Now the drawing room was empty, swept and garnished, waiting for the next bout. A bee buzzed angrily against the French window, the little clock ticked loudly on the mantelpiece next to the miniature of Victoria, a pink and white, fair-haired English baby waiting on a blue cushion to inherit the earth. It was time to start out and collect the wretched Stuffy, who had sneaked off to the gypsy’s dogs on Barrow Down. With a sense of luxury, Laura remembered that Victoria was out to tea with the Watsons, so there was no need to hurry back, positively no need to do another thing until this evening. She locked up the house again, thought, Damn! The hens and ducks, and went to mix the food in the shed, where, beside the chickenmeal bins, there were a variety of more or less junked objects out of their married life together — Stephen’s skis; Victoria’s old pram, which had been lent to various babies and was now resting; a nakedlooking bedpan which had not been required since Laura’s lying-in and had somehow anchored on a shelf here next to some old rusty mousetraps; an archery set which Stephen had once bought in a lit of absent-minded enthusiasm at a sale; the stirrup pump and the long-handled shovel for scooping up incendiaries; a tent which, years ago. they had taken with them on a camping holiday in the Dolomites; an ancient Eastern chest marked “A. Marshall “ in painted letters on its lid; and other mementoes now languishing among dust and the smell of chicken food.
THE hens lay languidly in the dusty hollows they had scratched under the elders in the paddock. They gathered themselves up in an awkward floundering movement when they saw Laura coming, and ran to meet her, throwing their heads forward in a pushing gesture like skaters taking off on a rink. Sordid, revolting creatures! Why should they be so unattractive, such obvious slave labor whose deaths did not cause one a single pang, when ducks were so charming? She picked up the duck bucket and climbed the low wire netting. Here they came waddling, shy, comic, stopping and turning on the single beady impulse, suddenly transfixed quite motionless against the buttercups as though wondering: Is this woman preparing a trap for us? But, reassured, the absurd frieze unfolded itself towards the feeding trough. There was no drake, there was no cock guarding the hens under the creamy, peppery plates of elder flowers. It was a completely female household to which Stephen returned in the evenings. Even the cat, thought Laura, even Stuffy, shivering and rolling an eye in an abandonment of boneless female hysteria. No wonder that Stephen expanded and glowed, talking to Bill Farleigh in the candlelight.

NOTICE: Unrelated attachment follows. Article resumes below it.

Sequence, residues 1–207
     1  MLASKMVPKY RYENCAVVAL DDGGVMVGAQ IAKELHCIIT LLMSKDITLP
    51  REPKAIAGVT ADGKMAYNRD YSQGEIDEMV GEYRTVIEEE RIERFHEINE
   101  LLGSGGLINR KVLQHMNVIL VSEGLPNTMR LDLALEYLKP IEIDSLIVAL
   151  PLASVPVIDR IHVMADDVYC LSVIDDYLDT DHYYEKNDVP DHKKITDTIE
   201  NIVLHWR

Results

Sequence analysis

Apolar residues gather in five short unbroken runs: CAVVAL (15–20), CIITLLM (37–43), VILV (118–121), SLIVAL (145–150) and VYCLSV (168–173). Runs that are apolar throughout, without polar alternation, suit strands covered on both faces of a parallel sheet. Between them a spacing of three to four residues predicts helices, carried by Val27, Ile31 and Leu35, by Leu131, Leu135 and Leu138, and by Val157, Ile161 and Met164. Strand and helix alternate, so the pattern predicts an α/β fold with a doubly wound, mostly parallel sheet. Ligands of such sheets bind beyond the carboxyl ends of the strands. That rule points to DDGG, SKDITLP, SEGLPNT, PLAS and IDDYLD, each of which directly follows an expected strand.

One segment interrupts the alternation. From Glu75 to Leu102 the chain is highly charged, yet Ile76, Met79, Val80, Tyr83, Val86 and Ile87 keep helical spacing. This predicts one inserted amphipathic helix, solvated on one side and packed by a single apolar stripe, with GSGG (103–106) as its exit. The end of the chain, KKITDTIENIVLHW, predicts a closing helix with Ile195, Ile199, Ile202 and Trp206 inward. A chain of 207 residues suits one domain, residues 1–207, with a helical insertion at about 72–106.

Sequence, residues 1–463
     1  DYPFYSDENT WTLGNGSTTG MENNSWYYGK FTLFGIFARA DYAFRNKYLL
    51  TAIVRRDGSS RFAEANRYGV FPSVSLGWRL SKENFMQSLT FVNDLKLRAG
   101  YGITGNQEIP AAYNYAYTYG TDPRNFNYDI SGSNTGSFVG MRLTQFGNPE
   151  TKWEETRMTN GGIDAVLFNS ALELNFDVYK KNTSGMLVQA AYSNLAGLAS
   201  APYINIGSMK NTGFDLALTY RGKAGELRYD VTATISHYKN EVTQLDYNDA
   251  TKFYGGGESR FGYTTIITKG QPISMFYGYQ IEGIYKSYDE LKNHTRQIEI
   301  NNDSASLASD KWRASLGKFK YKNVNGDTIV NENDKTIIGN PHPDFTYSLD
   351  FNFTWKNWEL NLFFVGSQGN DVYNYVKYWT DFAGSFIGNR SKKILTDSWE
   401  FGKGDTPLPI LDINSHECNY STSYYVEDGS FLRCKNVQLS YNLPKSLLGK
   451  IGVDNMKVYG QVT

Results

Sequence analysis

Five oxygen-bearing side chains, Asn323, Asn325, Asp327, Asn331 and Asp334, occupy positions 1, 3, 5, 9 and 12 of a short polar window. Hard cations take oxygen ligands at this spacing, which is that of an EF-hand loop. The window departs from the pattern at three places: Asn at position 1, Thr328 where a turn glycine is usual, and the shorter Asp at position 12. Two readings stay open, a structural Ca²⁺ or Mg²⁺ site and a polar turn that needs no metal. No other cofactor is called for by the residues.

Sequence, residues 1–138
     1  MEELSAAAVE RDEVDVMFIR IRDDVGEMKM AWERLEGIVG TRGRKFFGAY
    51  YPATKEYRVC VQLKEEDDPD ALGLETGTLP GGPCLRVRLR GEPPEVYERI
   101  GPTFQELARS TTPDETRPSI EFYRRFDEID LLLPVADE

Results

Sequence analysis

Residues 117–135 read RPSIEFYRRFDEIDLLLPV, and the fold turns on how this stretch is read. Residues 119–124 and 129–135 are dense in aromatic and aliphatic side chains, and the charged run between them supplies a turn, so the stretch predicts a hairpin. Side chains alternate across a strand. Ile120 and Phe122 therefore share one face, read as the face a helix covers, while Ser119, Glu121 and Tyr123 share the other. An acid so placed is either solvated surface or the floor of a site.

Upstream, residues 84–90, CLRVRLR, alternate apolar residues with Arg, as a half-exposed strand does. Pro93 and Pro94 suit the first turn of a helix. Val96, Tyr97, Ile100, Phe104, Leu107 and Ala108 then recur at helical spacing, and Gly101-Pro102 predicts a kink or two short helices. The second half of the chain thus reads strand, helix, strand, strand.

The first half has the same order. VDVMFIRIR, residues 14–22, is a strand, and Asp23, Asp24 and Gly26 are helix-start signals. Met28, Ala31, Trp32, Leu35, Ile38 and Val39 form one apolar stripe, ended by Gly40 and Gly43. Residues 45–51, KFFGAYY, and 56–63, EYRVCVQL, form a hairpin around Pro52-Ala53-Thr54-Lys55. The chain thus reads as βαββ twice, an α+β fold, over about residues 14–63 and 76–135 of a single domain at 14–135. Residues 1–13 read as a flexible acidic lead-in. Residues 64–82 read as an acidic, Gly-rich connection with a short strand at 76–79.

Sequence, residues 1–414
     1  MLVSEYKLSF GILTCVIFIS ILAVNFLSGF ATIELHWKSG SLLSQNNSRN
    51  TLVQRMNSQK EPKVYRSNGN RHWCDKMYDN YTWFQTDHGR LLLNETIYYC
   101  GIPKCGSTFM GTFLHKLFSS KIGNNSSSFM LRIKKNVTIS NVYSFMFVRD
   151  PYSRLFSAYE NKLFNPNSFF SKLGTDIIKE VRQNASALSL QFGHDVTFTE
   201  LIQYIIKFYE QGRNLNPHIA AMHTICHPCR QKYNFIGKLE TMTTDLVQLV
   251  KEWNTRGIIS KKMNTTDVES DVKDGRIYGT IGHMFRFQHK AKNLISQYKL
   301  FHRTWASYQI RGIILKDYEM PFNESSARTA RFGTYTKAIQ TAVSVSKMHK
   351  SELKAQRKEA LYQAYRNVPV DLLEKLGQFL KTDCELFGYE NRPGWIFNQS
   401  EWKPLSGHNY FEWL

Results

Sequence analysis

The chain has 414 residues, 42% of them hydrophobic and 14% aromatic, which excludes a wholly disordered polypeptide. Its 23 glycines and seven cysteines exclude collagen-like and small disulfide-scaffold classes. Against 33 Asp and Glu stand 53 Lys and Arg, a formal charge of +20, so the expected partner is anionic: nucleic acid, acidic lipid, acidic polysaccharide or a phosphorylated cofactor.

Now you’re married we wish you joy, Mrs. Prout had sung the other morning as she shoved the whining carpet sweeper back and forth over the floor, First a girl and then a boy. Ten years after a son and daughter, she had sung, puffing as she bent to gather up a rug and carry it out. into the garden. And then the triumphant climax as she began to beat the rug ferociously on the poor daisies — and now, Miss Sally, come out of the water! But such neat mathematics, thought Laura, were sometimes hard to achieve. The years slipped by, wars happened, the hens stalked alone under the elders, the ducks rolled in file, like Lely beauties riding lonely on the waves of their snowy proud bosoms, Stephen frowned over his book in the evenings, she was getting gray, dull, fixed in this trivial routine of cooking the dead slab and cleaning the dirty bath. George Porter’s calm blue eyes had delivered the final, the damning sentence. A sofa!